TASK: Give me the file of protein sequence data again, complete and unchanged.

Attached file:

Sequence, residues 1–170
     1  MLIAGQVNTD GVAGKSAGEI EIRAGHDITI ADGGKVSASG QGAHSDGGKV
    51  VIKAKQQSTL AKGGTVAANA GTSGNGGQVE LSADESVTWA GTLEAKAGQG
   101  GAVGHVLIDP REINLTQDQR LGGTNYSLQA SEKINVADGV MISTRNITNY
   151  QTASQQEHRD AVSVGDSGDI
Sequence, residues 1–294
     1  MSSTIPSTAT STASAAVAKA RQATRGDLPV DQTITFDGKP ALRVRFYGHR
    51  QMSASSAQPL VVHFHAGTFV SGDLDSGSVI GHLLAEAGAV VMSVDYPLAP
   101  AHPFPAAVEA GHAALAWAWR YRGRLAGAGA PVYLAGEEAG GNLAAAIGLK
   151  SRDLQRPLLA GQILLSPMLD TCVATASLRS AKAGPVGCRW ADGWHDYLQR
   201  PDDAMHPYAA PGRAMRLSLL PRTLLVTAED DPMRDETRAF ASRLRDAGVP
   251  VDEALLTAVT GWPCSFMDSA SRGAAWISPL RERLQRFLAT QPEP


Sequence, residues 1–170
     1  MLIAGQVNTD GVAGKSAGEI EIRAGHDITI ADGGKVSASG QGAHSDGGKV
    51  VIKAKQQSTL AKGGTVAANA GTSGNGGQVE LSADESVTWA GTLEAKAGQG
   101  GAVGHVLIDP REINLTQDQR LGGTNYSLQA SEKINVADGV MISTRNITNY
   151  QTASQQEHRD AVSVGDSGDI
Sequence, residues 1–294
     1  MSSTIPSTAT STASAAVAKA RQATRGDLPV DQTITFDGKP ALRVRFYGHR
    51  QMSASSAQPL VVHFHAGTFV SGDLDSGSVI GHLLAEAGAV VMSVDYPLAP
   101  AHPFPAAVEA GHAALAWAWR YRGRLAGAGA PVYLAGEEAG GNLAAAIGLK
   151  SRDLQRPLLA GQILLSPMLD TCVATASLRS AKAGPVGCRW ADGWHDYLQR
   201  PDDAMHPYAA PGRAMRLSLL PRTLLVTAED DPMRDETRAF ASRLRDAGVP
   251  VDEALLTAVT GWPCSFMDSA SRGAAWISPL RERLQRFLAT QPEP